A semi-empirical ship operational performance prediction model for voyage optimization towards energy efficient shipping

Lu, Ruihua and Turan, Osman and Boulougouris, Evangelos and Banks, Charlotte and Incecik, Atilla (2015) A semi-empirical ship operational performance prediction model for voyage optimization towards energy efficient shipping. Ocean Engineering, 110 (Part B). pp. 18-28. ISSN 0029-8018 (https://doi.org/10.1016/j.oceaneng.2015.07.042)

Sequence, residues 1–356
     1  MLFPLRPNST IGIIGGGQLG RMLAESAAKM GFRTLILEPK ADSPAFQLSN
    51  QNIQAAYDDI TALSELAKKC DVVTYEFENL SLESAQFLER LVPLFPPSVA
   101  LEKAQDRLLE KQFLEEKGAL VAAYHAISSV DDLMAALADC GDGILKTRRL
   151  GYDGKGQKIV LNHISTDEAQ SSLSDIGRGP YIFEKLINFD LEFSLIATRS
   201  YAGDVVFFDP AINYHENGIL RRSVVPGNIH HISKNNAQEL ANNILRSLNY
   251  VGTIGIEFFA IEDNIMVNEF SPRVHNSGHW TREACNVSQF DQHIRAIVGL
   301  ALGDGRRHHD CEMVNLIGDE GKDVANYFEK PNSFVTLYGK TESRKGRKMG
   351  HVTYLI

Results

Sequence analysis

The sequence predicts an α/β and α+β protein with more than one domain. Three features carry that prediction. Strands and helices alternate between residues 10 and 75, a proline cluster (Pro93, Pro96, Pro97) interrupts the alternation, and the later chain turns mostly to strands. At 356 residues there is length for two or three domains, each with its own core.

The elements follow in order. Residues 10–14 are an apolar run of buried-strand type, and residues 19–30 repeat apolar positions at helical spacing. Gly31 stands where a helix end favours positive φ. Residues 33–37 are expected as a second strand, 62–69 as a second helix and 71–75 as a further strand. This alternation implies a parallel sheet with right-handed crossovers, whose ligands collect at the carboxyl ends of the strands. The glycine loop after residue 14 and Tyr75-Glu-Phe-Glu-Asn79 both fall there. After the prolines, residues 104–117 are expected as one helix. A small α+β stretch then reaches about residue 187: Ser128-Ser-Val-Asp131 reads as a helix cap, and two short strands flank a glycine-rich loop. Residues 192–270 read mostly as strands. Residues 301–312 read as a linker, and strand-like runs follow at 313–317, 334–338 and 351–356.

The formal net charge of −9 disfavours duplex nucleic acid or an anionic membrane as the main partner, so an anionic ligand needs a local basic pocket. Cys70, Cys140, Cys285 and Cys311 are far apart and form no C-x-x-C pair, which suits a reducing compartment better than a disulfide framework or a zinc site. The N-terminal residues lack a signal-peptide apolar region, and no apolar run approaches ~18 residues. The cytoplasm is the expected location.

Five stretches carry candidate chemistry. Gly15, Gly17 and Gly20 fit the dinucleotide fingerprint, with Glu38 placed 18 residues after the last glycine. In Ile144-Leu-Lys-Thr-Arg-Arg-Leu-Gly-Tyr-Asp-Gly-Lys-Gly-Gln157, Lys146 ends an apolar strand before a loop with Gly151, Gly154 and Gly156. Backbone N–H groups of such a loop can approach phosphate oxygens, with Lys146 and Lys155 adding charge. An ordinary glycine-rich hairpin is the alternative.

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Voyage optimization is a practice to select the optimum route for the ship operators to increase energy efficiency and reduce Green House Gas emission in the shipping industry. An accurate prediction of ship operational performance is the prerequisite to achieve these targets. In this paper, a modified Kwon's method was developed to predict the added resistance caused by wave and wind for a specific ship type, and an easy-to-use semi-empirical ship operational performance prediction model is proposed. It can accurately predict the ship's operational performance for a specific commercial ship under different drafts, at varying speeds and in varying encounter angles, and then enables the user to investigate the relation between fuel consumption and the various sea states and directions that the ship may encounter during her voyage. Based on the results from the operational performance prediction model and real time climatological information, different options for the ship's navigation course can be evaluated according to a number of objectives, including: maximising safety and minimising fuel consumption and voyage time. By incorporating this into a decision support tool, the ship's crew are able to make an informed decision about what is the best course to navigate. In this study the Energy Efficiency of Operation (EEO) is defined as an indicator to illustrate the ratio of main engine fuel consumption per unit of transport work. Two case studies are carried out to perform the prediction of ship operational performance for Suezmax and Aframax Oil Tankers, and the results indicate that the semiempirical ship operational performance prediction model provides an extremely quick calculation with very reasonable accuracy, particularly considering the uncertainties related to the parameters of interest for the case study data. Within the case studies, the additional fuel consumption caused by the combined hull and propeller fouling and engine degradation is included in the model as a time-dependent correction factor. The factor may assist the ship owner/operator to determine the hull coating selection, and/or the dry-docking and main engine maintenance strategy.